Cooley’s clothing store closes after 88 years in Red Bank | Chattanooga Times Free Press (2024)

After providing prom dresses, tuxedos and wedding attire to thousands of Chattanooga-area residents for decades, Cooley's Fine Clothing has shut its doors and is liquidating its merchandise and store fixtures over the next two weekends.

Founded by Milton and Nelle Cooley in 1936 as a retailer of handmade bedspreads, Cooley's evolved into what became one of the oldest family-owned clothing stores in Tennessee. But Janet Reeve, one of the third-generation owners of the store at 2224 Dayton Blvd., said the time has come for a new use for their 8,600-square-foot building in Red Bank and the clothing business is closing down.

(READ MORE: Red Bank not raising property tax rate)

"We're the third generation to operate Cooley's, but there is no fourth generation coming along (to take over the store)," Reeve said in an interview this week with her fellow owners of the business. "We have some other plans for the building and as soon as the retirement sale is completed this weekend and next, we hope to do some renovation over the next year and open the building, hopefully, for someone else to use."

Reeve and the other owners said the business has gradually closed down its operations in recent months and will conduct its final sale of all goods during the liquidation sales this week and next.

Estate Sales by Tim and Kellie will sell off the merchandise and store fixtures during two consecutive weekend retirement sales from 10 a.m .to 4 p.m. on June 6-8 and again from 10 a.m. to 4 p.m. June 13-15.

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Cooley’s clothing store closes after 88 years


Cooley's has been a Red Bank institution, begun 19 years before the city of Red Bank was even incorporated in 1955.

The business was started during the Great Depression when Milton Cooley lost his job in St. Elmo, forcing him and his wife, Nelle, to tell their daughter, Sara Nell Cooley, they might not be able to pay for her to continue to take music lessons at the Cadek Conservatory of Music. Seeing how upset that made her child, Nelle Cooley vowed to raise the money for her daughter's musical training by going into business selling bedspreads.

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The business debuted as Cooley's Bedspread and Cloth Shop 88 years ago in a rented 15-foot-by-40-foot building next to where the landlord stored cattle feed in the White Oak neighborhood of what developed into Red Bank. Nelle Cooley relied upon her brother, who was a pioneer in the tufted bedspread industry emerging in Dalton, to initially supply the bedspreads, promising to repay him once she sold his bedspreads from her new storefront.

Located along what was then a popular north-south Highway 27 route in Red Bank, Cooley's hung the bedspreads on clotheslines along the highway, attracting buyers traveling with the colorful bed sheets and cloths.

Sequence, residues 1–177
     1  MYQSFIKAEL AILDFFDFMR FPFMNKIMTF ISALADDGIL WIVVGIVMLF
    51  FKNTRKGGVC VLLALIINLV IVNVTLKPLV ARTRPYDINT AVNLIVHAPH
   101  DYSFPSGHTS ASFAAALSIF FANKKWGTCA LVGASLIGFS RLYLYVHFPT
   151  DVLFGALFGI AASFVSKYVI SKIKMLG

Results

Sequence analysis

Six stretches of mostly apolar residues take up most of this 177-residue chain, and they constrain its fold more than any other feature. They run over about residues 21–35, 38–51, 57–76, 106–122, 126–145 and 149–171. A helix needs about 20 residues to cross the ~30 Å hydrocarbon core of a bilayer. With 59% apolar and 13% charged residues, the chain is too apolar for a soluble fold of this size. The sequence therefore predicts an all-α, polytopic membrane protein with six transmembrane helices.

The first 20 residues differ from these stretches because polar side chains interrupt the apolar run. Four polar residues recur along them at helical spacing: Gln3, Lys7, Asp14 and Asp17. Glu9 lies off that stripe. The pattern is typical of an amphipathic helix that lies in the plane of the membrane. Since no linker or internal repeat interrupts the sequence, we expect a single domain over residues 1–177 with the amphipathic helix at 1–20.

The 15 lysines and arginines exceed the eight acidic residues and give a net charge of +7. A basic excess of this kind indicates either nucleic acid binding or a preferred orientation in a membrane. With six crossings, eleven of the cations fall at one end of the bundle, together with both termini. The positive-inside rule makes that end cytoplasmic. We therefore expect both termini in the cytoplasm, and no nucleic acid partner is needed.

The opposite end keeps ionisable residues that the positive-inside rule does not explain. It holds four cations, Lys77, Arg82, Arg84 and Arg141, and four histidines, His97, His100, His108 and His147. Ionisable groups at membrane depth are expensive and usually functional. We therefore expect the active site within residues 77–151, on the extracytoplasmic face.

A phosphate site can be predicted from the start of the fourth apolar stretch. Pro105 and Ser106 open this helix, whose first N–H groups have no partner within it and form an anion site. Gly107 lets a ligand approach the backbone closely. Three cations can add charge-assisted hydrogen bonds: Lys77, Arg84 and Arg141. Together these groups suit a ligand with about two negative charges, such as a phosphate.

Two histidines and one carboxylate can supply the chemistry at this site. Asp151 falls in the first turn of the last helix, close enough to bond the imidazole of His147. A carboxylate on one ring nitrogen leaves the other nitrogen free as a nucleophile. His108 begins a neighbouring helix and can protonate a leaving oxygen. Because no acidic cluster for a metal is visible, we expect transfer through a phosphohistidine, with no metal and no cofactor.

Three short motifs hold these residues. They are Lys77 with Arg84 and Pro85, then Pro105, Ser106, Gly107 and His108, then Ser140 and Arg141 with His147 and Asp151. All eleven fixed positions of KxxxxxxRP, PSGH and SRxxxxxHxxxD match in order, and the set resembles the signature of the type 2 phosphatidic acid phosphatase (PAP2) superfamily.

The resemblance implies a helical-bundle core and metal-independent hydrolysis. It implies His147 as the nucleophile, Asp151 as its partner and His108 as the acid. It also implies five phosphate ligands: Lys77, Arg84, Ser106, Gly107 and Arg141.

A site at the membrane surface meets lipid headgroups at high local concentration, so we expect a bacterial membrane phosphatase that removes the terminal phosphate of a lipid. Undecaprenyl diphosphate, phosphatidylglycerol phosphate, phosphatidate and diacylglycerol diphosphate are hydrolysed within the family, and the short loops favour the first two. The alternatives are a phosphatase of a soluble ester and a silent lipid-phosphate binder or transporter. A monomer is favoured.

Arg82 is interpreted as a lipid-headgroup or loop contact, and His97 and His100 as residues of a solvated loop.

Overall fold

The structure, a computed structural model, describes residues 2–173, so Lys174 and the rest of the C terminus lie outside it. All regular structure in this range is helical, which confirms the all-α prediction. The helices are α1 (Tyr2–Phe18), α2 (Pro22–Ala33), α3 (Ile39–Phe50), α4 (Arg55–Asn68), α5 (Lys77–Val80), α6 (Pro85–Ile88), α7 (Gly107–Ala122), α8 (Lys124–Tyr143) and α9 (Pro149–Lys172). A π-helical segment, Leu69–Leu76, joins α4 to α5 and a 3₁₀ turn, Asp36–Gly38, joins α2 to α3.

The bedspread business prospered and grew, but by the 1950s, Milton and Nelle Cooley's children pivoted the business into fine clothing, selling both formal and casual clothes for men, women, and for while, even to children. The company began renting tuxedos and other formal wear in the 1980s.

The product may have shifted, but the family ownership and management and the personalized sales approach remained the same, according to the company owners.

The business is now owned by four members of the third generation of the Cooley family, including Jimmy Cooley and Janet Reeve, who have remained active in the business finding the right suits and dresses for customers through the years. Two other family owners, Chrissi Cooley Vieth and Jane Hosemann, pursued other careers but they all would work at peak periods at the family business.

"We all kind of grew up in this store and had so much fun here," Chrissi Vieth recalled. "Saturdays, holidays and summer we would be here."

Sara Nell Cooley Reeve, the daughter of the company founders, continued to work at the business until her death at age 91 in 2013, according to her grandchildren. "Momma Nell," as she was affectionately known, provided the business focus to complement the generosity of her brother.

Milt and James Cooley built customer relationships through decades of work at Cooley's Fine Clothing and often shared the fruits of the business with others in the community, giving away clothes and food for those in need and often calling their business "a ministry."

"The way I always looked at it is that Momma Nell made the money, and Daddy gave the money away," quipped Jimmy Cooley.

1971 FIRE

The business survived nearly a century through changing retail shopping patterns from shopping malls to discount outlets to online retailing. The business even survived a fire in 1971 that destroyed the store and most of its contents just 10 days before Christmas.

James Cooley was interviewed on the radio the next morning after the fire by Luther Masingill, who asked what it was like to lose everything. He replied that "we still have everything" with his family and Christian faith. The Cooleys later received a letter from one listener who said that testimony was so moving that she reconsidered her suicidal plans at the time upon hearing that radio interview.

The store was rebuilt on the same location in six months and has remained there ever since.

"There's no fourth generation to carry the business on, but we'll always cherish the relationships we had and enjoyed because of this store," Jane Hosemann said.

Contact Dave Flessner at or 423-757-6340.

Cooley’s clothing store closes after 88 years in Red Bank | Chattanooga Times Free Press (2024)
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